As cities grow, it’s not uncommon for favorite landmarks to fall by the wayside. That was the fear of Cambrian Park residents when developers set their sights on Cambrian Park Plaza, whose quirky carousel sign had been a local icon since the Plaza’s construction in the 1950s. Those worried about the carousel’s fate soon brought their concerns to County Supervisor Ken Yeager.
“Neighbors had heard that the shopping center was being sold,” Yeager recalls, noting that even though the buildings themselves were not particularly noteworthy, “there is that carousel in the middle of it all that people just adored.” Locals were unsure what would happen to the landmark after the property was annexed to the city, so Yeager decided to see what action the County could take to preserve it.
The first thing he did was commission a study to see if, in fact, the Cambrian Plaza Carousel fit the criteria for being a historic landmark.
What makes something “historic”? There are three important criteria:
- The structure has to be at least 50 years old.
- It has to have “architectural integrity,” meaning it hasn’t been significantly changed over the years.
- It has to be representative of a particular architectural style.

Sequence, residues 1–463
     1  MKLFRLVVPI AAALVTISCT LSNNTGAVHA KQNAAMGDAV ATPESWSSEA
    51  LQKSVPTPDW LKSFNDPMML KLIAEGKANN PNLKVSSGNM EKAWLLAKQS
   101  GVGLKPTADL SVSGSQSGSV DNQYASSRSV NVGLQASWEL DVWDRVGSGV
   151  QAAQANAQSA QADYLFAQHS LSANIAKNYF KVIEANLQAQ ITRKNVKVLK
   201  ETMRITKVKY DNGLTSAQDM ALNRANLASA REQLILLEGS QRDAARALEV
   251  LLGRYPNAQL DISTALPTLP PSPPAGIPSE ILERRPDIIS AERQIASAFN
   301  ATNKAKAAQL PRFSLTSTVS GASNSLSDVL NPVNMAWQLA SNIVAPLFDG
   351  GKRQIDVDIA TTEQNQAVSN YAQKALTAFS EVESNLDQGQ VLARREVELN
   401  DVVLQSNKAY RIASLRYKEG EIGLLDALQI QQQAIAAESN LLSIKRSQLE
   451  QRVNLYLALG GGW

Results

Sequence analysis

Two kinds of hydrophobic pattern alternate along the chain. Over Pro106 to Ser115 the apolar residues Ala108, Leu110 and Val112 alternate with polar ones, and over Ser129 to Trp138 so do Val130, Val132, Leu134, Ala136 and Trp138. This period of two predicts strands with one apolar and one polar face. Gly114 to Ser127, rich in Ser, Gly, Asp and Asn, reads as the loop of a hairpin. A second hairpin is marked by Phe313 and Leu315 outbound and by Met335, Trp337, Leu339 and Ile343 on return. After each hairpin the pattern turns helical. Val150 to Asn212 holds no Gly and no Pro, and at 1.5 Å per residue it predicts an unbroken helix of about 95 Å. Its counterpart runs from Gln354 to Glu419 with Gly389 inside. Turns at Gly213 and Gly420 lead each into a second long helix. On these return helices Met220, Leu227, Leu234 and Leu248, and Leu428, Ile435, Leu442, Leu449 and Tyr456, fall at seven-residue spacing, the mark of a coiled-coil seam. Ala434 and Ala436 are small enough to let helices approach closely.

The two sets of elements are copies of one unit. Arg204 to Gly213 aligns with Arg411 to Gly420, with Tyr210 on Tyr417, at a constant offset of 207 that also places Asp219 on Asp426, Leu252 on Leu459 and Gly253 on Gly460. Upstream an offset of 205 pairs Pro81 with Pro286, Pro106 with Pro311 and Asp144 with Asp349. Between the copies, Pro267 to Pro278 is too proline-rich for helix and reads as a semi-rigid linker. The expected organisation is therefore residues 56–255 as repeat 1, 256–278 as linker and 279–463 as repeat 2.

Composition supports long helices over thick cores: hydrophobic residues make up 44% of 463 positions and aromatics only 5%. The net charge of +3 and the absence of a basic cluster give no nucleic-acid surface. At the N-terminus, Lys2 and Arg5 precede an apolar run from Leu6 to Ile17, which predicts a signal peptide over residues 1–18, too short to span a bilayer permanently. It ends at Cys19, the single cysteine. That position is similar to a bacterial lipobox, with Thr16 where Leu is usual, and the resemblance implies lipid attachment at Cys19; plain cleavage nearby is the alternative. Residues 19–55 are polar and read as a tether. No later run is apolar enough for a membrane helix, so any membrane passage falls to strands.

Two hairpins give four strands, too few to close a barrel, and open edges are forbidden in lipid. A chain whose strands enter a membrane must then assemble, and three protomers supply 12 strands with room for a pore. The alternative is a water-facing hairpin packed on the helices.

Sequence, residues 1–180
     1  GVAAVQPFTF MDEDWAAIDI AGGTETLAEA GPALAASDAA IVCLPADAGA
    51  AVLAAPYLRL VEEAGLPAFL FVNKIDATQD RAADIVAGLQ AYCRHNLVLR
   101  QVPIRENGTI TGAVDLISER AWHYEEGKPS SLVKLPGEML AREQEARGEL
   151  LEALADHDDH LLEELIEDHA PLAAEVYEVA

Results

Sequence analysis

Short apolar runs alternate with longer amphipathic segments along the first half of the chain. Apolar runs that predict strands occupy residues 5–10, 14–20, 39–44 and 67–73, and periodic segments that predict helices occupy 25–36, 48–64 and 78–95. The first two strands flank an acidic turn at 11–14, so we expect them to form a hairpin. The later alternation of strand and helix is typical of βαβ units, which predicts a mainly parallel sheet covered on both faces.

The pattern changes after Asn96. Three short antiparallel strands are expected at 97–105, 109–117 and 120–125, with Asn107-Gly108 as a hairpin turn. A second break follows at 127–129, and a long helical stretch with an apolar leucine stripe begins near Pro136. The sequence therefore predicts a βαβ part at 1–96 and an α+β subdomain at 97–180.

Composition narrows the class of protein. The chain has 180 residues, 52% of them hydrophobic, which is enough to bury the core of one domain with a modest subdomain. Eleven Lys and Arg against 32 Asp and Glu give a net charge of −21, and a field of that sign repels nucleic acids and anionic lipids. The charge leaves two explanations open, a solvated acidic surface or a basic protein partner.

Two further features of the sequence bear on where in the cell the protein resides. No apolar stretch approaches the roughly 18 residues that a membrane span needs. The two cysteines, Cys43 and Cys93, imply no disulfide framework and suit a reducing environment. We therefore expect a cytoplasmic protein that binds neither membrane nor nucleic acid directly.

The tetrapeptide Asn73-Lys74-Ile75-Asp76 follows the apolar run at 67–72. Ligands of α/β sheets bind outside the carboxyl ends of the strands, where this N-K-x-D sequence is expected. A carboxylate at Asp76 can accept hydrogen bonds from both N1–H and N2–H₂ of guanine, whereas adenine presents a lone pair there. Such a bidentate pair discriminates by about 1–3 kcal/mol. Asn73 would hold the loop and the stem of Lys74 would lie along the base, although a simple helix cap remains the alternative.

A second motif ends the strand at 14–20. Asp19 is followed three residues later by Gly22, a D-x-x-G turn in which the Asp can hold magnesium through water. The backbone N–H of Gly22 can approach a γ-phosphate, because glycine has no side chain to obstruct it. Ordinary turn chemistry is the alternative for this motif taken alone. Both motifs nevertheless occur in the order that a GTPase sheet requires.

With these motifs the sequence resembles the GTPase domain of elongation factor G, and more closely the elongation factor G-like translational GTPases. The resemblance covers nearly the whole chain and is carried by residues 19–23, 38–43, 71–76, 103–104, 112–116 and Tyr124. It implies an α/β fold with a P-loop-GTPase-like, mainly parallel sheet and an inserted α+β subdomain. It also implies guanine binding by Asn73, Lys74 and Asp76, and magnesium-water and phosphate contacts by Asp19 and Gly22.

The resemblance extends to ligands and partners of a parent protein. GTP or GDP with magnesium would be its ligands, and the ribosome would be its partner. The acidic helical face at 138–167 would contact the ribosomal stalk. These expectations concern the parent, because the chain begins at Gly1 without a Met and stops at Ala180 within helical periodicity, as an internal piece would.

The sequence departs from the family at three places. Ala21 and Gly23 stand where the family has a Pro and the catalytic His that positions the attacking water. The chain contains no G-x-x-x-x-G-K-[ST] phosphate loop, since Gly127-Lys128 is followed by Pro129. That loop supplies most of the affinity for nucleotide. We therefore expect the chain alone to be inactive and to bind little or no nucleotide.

To no one’s surprise, the Cambrian Plaza Carousel met all three of those benchmarks. Its style fell into a category called “roadside vernacular,” which describes a distinctive marker meant to draw people onto a property. Residents fighting for their piece of neighborhood history were rewarded last fall, when the Carousel was officially declared a historic landmark.
His experience with the carousel led Yeager to look around for pieces of history in other unincorporated areas of the County, which are some of the last places to be developed. One hidden gem happened to be near his own neighborhood and in the district he represented for years as a city councilman — the Burbank Theater.
Located near San Jose City College, the art deco theater and its iconic sign have caught many a wistful eye. Built in 1949, the theater fell into disrepair over the years, even being declared a public nuisance in 2000. But Yeager hopes the distinctive landmark can be given a new life, perhaps as a cafe or even a small performance space, and has started the process to determine whether it, too, can be designated a historic landmark.
“What I’ve discovered from this process is that with all the development and growth in our area, people are just longing for some part of history,” says Yeager. “Anytime we can preserve a piece of that history, people are very enthusiastic.”